Today is the opener of track and field’s Diamond League, which will be the best competition we have in this non-Olympic, non-World Championship year. (Watch on Universal Sports at noon ET.)
I’m excited, and I know most of you aren’t.
I think part of the problem is that we don’t really know what qualifies as a “good” performance. We see that someone ran the 100-meter hurdles in 12.62 seconds. That doesn’t capture the imagination.
So I’m experimenting with a chart that will help you figure out what’s what. You’ll see the world records (some of them set in an era of sketchy or nonexistent drug testing), the best performance of the 10th-best performer of all time, the U.S. record, the best performance of 2013, the best performance of the 5th-best performer of 2013, and the best performance of 2014 (through May 7).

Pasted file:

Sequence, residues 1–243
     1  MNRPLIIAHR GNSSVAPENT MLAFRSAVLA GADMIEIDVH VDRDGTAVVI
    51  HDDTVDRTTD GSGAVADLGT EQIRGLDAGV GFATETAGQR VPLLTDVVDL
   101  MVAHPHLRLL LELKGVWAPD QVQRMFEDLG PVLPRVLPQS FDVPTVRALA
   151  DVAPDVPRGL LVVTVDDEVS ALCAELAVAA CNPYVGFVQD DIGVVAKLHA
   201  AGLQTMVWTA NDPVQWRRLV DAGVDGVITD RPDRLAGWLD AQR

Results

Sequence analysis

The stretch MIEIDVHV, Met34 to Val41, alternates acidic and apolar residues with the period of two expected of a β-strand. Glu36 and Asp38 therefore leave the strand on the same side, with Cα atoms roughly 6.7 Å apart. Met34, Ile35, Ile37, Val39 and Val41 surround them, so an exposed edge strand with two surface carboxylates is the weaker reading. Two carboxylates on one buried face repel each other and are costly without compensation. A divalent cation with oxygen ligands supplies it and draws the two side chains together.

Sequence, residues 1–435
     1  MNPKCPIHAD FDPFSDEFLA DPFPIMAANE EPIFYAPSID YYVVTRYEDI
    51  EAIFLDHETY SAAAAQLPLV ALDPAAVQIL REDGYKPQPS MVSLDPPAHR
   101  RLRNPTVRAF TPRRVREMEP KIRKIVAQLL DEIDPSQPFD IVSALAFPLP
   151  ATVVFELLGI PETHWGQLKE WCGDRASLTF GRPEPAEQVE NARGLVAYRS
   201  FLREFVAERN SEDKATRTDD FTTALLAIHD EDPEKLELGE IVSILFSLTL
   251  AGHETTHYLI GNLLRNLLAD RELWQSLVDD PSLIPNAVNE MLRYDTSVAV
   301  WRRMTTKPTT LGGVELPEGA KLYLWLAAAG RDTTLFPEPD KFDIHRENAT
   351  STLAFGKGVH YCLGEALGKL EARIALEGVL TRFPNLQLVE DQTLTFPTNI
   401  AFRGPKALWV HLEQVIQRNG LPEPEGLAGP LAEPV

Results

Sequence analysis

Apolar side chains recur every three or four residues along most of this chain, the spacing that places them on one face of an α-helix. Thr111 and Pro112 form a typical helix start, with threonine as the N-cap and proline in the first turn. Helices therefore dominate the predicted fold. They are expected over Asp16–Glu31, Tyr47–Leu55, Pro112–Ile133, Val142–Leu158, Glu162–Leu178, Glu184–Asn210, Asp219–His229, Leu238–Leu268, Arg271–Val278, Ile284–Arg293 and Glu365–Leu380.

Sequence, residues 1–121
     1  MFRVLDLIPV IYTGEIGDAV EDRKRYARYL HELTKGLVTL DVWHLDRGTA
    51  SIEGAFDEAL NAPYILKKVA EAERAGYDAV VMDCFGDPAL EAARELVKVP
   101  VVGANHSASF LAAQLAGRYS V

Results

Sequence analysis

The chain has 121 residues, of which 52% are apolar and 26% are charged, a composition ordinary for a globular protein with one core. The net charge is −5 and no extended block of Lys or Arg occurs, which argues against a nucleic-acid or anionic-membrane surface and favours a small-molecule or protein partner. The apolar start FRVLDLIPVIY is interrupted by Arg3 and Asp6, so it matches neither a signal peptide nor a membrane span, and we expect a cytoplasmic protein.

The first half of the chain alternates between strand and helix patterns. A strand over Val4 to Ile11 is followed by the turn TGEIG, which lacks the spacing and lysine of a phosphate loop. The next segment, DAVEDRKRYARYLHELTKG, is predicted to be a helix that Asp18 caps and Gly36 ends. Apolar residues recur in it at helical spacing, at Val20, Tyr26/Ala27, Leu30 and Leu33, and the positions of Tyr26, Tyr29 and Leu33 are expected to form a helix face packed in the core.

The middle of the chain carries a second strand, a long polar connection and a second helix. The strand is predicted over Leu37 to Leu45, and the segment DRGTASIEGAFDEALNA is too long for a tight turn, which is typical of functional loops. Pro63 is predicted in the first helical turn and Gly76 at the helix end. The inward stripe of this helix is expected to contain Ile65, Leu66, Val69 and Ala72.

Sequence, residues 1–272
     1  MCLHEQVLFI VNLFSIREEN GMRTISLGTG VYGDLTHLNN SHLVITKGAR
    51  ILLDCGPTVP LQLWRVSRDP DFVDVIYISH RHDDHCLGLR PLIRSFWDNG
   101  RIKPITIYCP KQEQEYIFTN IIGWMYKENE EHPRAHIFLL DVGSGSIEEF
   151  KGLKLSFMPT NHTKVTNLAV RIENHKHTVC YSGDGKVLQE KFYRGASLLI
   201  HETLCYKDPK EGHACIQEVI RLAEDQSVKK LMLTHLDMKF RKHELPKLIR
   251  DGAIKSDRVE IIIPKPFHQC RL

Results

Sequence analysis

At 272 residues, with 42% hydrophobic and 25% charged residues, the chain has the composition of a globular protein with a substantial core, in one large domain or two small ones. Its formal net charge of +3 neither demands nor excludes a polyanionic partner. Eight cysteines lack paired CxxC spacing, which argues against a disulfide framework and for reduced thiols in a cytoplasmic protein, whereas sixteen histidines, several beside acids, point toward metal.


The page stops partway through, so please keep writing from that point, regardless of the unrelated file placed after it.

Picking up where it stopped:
Then you’ll see what the complex IAAF scoring tables, set by statistical analysis way above my mathematical abilities, tell you are elite-level performances — the 1,300- and 1,200-point levels. In several disciplines, no one has ever reached the 1,300-point level. But in most disciplines, a 1,200-point performance is needed to win.
Then I tossed in the worst time (or distance or height) of the winning Diamond League performances from 2013. Take those with a grain of salt. Every now and then, you get a sprint into a headwind, a field event in driving rain, or a “tactical” distance race in which everyone goes slowly (by their standards) and figures they’ll win with a big kick at the end.
But those Diamond League marks can sometimes tell you we’re about to see things rev up in a big way. See those events in which the best performance of 2014 (so far) is worse than the worst winning performance of last year’s Diamond League? Yeah. Time to go faster, higher, farther.